July 2016: Three Coldplay concerts in one week
A once-in-a-lifetime experience that started with a Chicago rain show
Seven years ago this month, July 2016, I saw Coldplay three times in one week: two nights in Chicago and one night in Louisville.
This was my first time seeing Coldplay, and it’s one of the things that took my love of Coldplay to an even higher level. It was the summer before I started college and I was living it up as much as possible, while simultaneously freaking out about moving away from home.
The first night in Chicago was particularly memorable. We didn’t even have tickets to the show, as we were planning on only going the second night. Unbeknownst to the friends I was with, I’d been tracking ticket prices on Stubhub the entire day and ended up pulling the trigger.
The weather was terrible, and we spent over an hour huddled in the concourse with over 50,000 other Coldplay fans. There were chants of “Viva La Vida” and “Yellow,” and everyone was clearly having a blast despite the conditions.
As the show finally started, the weather hadn’t subsided and it was obvious Coldplay wouldn’t be able to play their entire show.
Around halfway through the concert, the rain started to pick up. Coldplay had to restart “Charlie Brown” because the rain meant the Xylobands didn’t work properly the first time around.
When Soldier Field officials came out to tell Chris Martin the show was over, he was adamant they play one more song: “A Sky Full of Stars.” If it weren’t for the Soldier Field officials walking onto the stage, I don’t think Chris had any plans on stopping the show.
“This could be it, I don’t know. I hope not,” Chris said as the song started. The thrill of the Avicii collab combined with Chris’ antics, the rain, the thunder, the lightning, and the Xylobands made for one of the most incredible things I’ve ever experienced.
I don’t have any video of the moment, but I found this on YouTube. Rewatching it today gave me goosebumps. What a moment.
Towards the end of “A Sky Full of Stars,” Chris’ microphone started to die and it was clear the show was over. But it was clear he didn’t want the show to be over. In total, we missed out on about six songs – including the entire C-stage acoustic segment – and a lot of banter that Chris had to cut back on to fit in as many songs as possible.
As 50,000+ Coldplay fans departed Soldier Field in a torrential downpour and thunderstorm, the mood remained incredible. The “Viva la Vida” singalongs never died and the rain meant everyone’s Xylobands were lighting up sporadically.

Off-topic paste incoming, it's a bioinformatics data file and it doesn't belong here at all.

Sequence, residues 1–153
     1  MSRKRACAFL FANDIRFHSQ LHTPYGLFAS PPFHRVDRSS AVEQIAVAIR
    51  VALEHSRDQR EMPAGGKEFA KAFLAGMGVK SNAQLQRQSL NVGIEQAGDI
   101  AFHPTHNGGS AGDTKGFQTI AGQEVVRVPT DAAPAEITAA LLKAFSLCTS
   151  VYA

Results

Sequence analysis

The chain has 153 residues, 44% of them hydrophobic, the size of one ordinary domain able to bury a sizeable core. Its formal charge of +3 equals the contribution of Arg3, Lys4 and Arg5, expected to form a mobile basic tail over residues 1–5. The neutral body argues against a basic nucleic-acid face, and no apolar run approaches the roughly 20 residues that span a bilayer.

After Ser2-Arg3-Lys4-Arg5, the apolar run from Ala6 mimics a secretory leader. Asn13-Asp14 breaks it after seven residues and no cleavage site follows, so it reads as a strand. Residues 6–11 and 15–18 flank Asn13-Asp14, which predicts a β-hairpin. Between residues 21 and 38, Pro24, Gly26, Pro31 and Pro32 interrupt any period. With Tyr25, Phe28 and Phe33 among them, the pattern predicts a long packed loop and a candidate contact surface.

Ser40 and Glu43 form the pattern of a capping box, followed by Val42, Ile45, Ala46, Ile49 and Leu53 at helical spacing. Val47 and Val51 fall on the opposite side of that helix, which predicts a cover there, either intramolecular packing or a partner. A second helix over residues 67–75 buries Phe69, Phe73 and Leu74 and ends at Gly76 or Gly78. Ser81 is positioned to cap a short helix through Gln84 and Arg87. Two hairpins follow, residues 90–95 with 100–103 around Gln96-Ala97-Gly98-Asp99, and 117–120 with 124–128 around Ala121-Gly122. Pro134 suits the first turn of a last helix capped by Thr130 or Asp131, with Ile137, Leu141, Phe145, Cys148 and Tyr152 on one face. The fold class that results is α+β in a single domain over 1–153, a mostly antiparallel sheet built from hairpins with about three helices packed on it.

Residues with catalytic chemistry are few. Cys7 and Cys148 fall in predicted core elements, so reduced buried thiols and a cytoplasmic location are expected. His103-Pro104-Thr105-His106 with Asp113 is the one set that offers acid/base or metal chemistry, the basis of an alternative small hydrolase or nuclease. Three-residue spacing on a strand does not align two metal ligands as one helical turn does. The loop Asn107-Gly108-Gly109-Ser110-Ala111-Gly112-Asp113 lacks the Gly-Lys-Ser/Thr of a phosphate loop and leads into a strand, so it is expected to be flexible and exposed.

We ended up walking almost two miles in the pouring rain from Soldier Field to get an Uber that, if I recall correctly, cost almost $100 for a 10-minute ride.
And that was only night one. The second night, it stormed again and both opening acts were canceled. Luckily, Coldplay was able to do their full show. A few days later, I went to my third and final Coldplay concert of the year in Louisville1. This was an arena show, not a stadium show, which made it surprisingly more “intimate.”
During the “A Head Full of Dreams” tour, Coldplay would play stadiums on the weekend in the big cities, then play arenas during the week in smaller cities like Louisville. I wish they still did this, but with Chris’ vocal issues and logistical problems, I understand why it’s not possible.
One year later…
A year later, I saw Coldplay once again at Soldier Field. A few songs into the show, it started to rain. “Oh shit, it’s raining. Fuck,” Chris said. “We’ve been all around the world and the only place it’s been raining is every time we’re in Chicago.” Still, the band put on a full show.
Since that last show in Chicago in 2017, I’ve seen Coldplay two more times, both in 2022: Dallas and Atlanta.2
Of the five times I’ve seen Coldplay, that first night in Chicago is still the most memorable. It was a once-in-a-lifetime experience. Never again will I get to dance to “A Sky Full of Stars” in the pouring rain with my best friends.
Coldplay puts on the best live show of any band3 nowadays, especially among bands that play stadiums. Granted, there aren’t many bands that can fill stadiums to the level that Coldplay does.
At the time, Chris was dating Louisville native Jennifer Lawrence. This made for a fun little “tabloidy” experience.
For the Atlanta show, I was lucky enough to get tickets from Coldplay’s PR team to check out their green energy and environmental initiatives on behalf of Electrek.
Taylor Swift fans: note the “band” vs “artist” wording here.